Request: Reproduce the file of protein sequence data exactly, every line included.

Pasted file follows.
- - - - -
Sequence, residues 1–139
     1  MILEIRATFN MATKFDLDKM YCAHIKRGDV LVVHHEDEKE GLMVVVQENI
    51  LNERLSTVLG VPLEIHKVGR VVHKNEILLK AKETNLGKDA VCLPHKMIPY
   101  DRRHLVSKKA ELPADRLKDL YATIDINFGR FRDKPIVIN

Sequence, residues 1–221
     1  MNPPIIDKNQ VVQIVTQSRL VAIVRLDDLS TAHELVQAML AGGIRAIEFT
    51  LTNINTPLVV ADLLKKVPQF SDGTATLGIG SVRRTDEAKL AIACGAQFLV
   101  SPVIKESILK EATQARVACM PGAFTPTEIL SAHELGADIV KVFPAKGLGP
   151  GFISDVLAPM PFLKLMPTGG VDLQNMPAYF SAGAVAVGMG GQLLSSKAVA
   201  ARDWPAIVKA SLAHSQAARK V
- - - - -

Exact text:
Sequence, residues 1–139
     1  MILEIRATFN MATKFDLDKM YCAHIKRGDV LVVHHEDEKE GLMVVVQENI
    51  LNERLSTVLG VPLEIHKVGR VVHKNEILLK AKETNLGKDA VCLPHKMIPY
   101  DRRHLVSKKA ELPADRLKDL YATIDINFGR FRDKPIVIN

Sequence, residues 1–221
     1  MNPPIIDKNQ VVQIVTQSRL VAIVRLDDLS TAHELVQAML AGGIRAIEFT
    51  LTNINTPLVV ADLLKKVPQF SDGTATLGIG SVRRTDEAKL AIACGAQFLV
   101  SPVIKESILK EATQARVACM PGAFTPTEIL SAHELGADIV KVFPAKGLGP
   151  GFISDVLAPM PFLKLMPTGG VDLQNMPAYF SAGAVAVGMG GQLLSSKAVA
   201  ARDWPAIVKA SLAHSQAARK V